DATA SCIENCE AND INNOVATION: MAKING THE MOST OF OUR REGIONAL EXPERTISEMay 16, 2017
With organisations such as the ONS, the Met Office, Airbus and Oracle on our doorstep, coupled with world-leading in-house expertise at universities across the region, the time is ripe for a Great West network in data science and innovation, argues Professor Stephen Fairhurst
Developing capacity for research and development in data science is now a major national priority. This much was clear when, in November 2015, the national Alan Turing Institute (ATI) officially launched– a flagship investment that catalysed a wave of data science initiatives UK-wide.
Alongside the national focus on data science and innovation, there has been a strident call from the previous Government to develop local growth potential in key research and industry strengths. The Industrial Strategy Green Paper, which set the Government’s stall for addressing the productivity challenge, pledged to “back local innovation” and the then-Minister for Business, Energy and Industrial Strategy, Greg Clark, called for “locally-directed, collaborative working”.
Bolstering the Industrial Strategy were tranches of Science and Innovation Audits which outlined definitive research and industry expertise in UK regions. For South West England and South East Wales, digital innovation was in the spotlight – specifically recognising the region’s underpinning strength in data analytics.
The potential of the region to become a data science and innovation powerhouse is clear, and its supporters are making their voices heard. A recent talk at Cardiff University from Stian Westlake, then-Policy Advisor to Jo Johnson (Minister for Universities and Science), focused on the rich data science ecosystem of South Wales, highlighting that the region is home to national government bodies such as the ONS, Companies House and the Intellectual Property Office, alongside major commercial businesses with expertise in data science such as Admiral.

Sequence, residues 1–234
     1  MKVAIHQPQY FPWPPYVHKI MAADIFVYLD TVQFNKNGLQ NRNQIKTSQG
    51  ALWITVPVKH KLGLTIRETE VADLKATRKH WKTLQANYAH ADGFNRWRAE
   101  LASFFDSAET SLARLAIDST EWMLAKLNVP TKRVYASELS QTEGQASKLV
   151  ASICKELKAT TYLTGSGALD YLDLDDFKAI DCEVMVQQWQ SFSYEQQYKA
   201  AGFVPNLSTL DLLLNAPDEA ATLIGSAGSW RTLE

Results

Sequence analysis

Over the Severn Bridge the data science and innovation industry landscape is just as vibrant, featuring global organisations from Airbus to Oracle alongside thriving SMEs and start-ups. The Met Office, based in Exeter, is an unparalleled leader in climate and environmental data analytics.
Expertise in data analytics is, of course, cultivated from seed in our universities and research labs. For example, the University of Bristol has recently set up the Jean Golding Institute for Data Intensive Research; Cardiff University has the Data Innovation Research Institute, Exeter is developing the Data Science Institute and Bath is home to the well-established Institute for Mathematical Innovation.
So how do we all work together to make the most of our regional expertise in data science and innovation? The consortium responsible for the Science and Innovation Audit – a collection of 36 higher education institutions, businesses, LEPs and Welsh Government – has now matured into the Great West Taskforce, whose mission is to raise the profile of science and innovation in our region. We can build upon the relationships forged by this group, and use this as a mechanism to further catalyse data science collaboration across the region.
We are also holding a series of ‘Data Intensive Research’ workshops across our four universities, focusing on thematic areas such as the creative industries, government, medicine and the environment. These free workshops will act as an opportunity to bring together researchers and industry representatives to develop new ideas and partnerships in data science and innovation. The time is ripe for a data science and innovation network in the Great West, and we hope you will join us in building it.
Professor Stephen Fairhurst is Director of the Data Innovation Research Institute at Cardiff University, and one of the GW4 lead academics in the Data Intensive Research community.